Also, by comparing stability zones corresponding to curves of constant inflation pressure force and those corresponding to constant air bubble mass, respectively, it was discovered that the former approach can lose track of stable regions due to hysteresis phenomena. Using the latter approach, all stable states are readily revealed. This indicates that the preferred method of mapping out the stability region is to hold the bubble air mass constant and vary the take-up ratio.


[1] Middleman, S., Fundamental Studies of Polymer Processing, McGraw-Hill, New York (1977).

[2] Cantor, K., Blown Film Extrusion: An Introduction, Hanser, Munich (2006).

[3] Pearson, J.R.A. and C.J.S. Petrie, ?The flow of a tubular film. Part 1. Formal mathematical representation,? J. Fluid Mech., 40, part 1, 1-19 (1970).

[4] Pearson, J.R.A. and C.J.S. Petrie, ?The flow of a tubular film. Part 2. Interpretation of the model and discussion of the solutions,? J. Fluid Mech. 42, 609-625 (1970).

[5] Henrichsen, L.K. and A.J. McHugh, ?Analysis of film blowing with flow-enhanced crystallization. Part. II. Linearized sensitivity and stability behavior,? Intern. Polymer Process., 22, 190-197 (2007).

[6] Yeow, Y.L., ?Stability of tubular film flow: A model of the film blowing process,? J. Fluid Mech., 75, 577-591 (1976).

[7] Cain, J.J. and M.M. Denn, ?Multiplicities and instabilities in film blowing,? Polym. Eng. Sci., 28, 1527-1541 (1988).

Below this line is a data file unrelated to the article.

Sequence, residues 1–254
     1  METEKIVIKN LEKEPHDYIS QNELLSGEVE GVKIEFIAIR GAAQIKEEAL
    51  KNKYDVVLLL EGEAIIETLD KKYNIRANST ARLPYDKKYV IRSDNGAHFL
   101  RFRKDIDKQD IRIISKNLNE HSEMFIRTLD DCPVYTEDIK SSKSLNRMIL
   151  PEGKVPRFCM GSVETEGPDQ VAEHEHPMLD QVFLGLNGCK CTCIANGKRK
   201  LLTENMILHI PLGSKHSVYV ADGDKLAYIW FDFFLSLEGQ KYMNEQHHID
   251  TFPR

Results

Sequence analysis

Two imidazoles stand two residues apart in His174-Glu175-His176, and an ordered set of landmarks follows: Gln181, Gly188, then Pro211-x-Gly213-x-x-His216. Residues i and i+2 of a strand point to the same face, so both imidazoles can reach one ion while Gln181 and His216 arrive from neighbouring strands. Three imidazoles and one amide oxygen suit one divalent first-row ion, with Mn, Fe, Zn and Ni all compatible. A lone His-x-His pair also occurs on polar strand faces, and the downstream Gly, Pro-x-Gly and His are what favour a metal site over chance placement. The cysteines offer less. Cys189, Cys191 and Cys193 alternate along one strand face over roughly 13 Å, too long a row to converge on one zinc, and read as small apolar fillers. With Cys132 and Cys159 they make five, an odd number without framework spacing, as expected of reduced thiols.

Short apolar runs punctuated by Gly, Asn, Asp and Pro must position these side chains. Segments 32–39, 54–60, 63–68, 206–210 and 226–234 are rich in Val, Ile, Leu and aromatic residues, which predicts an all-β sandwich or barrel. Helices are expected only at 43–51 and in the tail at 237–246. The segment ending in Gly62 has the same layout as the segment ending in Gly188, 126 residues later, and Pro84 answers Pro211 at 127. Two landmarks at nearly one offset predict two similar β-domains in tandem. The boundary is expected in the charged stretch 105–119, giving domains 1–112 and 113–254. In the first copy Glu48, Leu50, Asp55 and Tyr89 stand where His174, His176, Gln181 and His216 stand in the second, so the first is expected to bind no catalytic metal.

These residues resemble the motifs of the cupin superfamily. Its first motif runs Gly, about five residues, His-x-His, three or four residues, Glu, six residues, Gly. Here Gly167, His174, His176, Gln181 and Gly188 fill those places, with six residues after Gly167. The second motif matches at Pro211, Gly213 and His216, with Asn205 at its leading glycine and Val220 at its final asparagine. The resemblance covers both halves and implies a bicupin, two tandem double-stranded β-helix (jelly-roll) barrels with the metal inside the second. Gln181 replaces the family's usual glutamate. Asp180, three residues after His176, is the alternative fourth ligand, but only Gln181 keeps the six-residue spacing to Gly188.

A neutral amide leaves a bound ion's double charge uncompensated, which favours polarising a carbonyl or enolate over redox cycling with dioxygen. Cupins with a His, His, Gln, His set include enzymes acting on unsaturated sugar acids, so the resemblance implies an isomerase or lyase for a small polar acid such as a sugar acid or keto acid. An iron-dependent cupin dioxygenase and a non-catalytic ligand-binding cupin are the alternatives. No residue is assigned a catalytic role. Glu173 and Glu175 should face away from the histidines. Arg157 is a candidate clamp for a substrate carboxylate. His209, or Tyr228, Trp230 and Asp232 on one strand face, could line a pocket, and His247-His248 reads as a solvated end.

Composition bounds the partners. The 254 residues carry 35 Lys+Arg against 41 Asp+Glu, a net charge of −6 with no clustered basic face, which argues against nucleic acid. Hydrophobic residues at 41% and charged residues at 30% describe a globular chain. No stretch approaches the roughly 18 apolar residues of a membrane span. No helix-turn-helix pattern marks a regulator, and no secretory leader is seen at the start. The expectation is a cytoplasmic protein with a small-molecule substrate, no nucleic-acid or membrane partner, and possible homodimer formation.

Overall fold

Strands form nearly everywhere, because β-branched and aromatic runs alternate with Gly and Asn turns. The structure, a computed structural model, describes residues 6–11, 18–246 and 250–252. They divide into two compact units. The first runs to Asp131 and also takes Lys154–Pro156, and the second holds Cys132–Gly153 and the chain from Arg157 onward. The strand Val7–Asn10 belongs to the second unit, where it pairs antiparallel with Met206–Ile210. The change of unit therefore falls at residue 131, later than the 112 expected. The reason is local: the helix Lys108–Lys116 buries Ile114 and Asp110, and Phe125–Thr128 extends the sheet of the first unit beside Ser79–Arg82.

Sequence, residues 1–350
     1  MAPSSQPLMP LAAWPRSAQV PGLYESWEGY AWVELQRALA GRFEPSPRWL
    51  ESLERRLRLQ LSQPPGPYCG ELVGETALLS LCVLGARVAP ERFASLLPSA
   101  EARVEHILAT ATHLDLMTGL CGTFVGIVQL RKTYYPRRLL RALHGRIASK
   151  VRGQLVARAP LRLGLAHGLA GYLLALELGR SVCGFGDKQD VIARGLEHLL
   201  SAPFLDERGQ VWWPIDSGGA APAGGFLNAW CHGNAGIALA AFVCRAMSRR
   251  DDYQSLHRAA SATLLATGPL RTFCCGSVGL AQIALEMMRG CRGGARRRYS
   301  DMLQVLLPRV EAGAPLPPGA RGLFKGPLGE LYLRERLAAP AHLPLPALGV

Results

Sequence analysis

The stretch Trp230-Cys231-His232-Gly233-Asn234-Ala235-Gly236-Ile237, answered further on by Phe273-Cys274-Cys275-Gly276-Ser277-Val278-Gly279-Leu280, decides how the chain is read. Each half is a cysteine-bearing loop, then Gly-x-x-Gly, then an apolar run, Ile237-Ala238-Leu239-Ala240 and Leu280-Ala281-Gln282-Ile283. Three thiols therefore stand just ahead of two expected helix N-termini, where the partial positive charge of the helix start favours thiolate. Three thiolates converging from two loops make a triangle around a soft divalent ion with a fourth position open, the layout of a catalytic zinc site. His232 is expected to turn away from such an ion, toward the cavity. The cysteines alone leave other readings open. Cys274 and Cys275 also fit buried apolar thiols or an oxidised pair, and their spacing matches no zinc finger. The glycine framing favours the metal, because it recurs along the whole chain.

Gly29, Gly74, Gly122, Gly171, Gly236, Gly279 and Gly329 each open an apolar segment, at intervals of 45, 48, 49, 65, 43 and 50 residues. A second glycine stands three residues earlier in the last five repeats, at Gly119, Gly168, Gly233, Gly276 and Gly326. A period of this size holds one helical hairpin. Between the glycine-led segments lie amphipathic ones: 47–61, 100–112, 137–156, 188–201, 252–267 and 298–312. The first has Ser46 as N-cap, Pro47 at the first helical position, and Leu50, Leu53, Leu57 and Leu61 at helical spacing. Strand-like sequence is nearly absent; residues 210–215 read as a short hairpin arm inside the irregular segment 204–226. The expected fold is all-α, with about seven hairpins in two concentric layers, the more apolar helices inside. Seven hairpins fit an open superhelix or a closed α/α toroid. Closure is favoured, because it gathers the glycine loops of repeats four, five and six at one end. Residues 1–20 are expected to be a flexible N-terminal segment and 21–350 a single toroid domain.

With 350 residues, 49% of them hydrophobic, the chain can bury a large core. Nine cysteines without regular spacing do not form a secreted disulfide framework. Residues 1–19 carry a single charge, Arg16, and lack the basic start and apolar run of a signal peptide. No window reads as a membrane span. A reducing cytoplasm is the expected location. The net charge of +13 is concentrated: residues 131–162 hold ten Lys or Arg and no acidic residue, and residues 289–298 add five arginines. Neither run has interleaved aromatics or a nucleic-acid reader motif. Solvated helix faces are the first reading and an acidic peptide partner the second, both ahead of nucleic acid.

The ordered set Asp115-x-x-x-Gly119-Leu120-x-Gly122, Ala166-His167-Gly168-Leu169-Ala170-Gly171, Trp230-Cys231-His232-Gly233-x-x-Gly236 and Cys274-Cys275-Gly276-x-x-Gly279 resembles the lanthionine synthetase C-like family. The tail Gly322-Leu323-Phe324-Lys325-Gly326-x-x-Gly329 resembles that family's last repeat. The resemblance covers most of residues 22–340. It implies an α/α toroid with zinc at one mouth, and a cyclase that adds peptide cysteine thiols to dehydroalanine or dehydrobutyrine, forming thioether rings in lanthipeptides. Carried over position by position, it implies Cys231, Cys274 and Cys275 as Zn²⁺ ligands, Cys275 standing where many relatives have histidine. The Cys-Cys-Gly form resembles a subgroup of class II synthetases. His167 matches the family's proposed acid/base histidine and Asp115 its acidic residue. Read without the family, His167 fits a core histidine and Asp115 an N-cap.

[8] Yoon, K.-S. and C.-W. Park, ?Stability of a blown film extrusion process,? Intern. Polymer Process., XIV, 342-349 (1999).

[9] Hyun, J.C., H. Kim, J.S. Lee, S. Song, and W.W. Jung, ?Transient solutions of the dynamics in film blowing processes,? J. Non-Newtonian Fluid Mech., 121, 151-162 (2004).

[10] Lee, J.S., H.-S. Song, H.W. Jung, and J.C. Hyun, ?Existence of optimal cooling conditions in the film blowing process,? J. Non-Newtonian Fluid Mech., 137, 24-30 (2006). [11] Pirkle, Jr., J.C. and R.D. Braatz, ?Dynamic modeling of blown film extrusion,? Polym. Eng. Sci., 43, 398-418 (2003).

[12] Pirkle, Jr., J.C., M. Fujiwara, and R.D. Braatz, ?Maximum-likelihood parameter estimation for the thin-shell quasi-newtonian model for a laboratory blown film extruder,? Ind. Eng. Chem. Res., in press (2010).

[13] Lehoucq, R.B., D.C. Sorensen, and C. Yang, ARPACK User's Guide: Solution of Large Scale Eigenvalue Problems with Implicitly Restarted Arnoldi Methods, October 8 (1997).

[14] Pirkle, Jr., J.C.; Braatz, R.D. ?A thin-shell two-phase microstructural model for blown film extrusion,? J. Rheology, 54, 471-505 (2010).

[15] Butler, T.I., ?Blown film bubble instability induced by fabrication conditions,? SPE ANTEC Technical Paper, 46, 156-164 (2000).

[16] Shin, D.M., J.S. Lee, H.W. Jung, and J.C. Hyun, ?Multiplicity, bifurcation, stability and hysteresis in dynamic solutions of film blowing processes,? J. Rheology, 51, 605-621 (2007).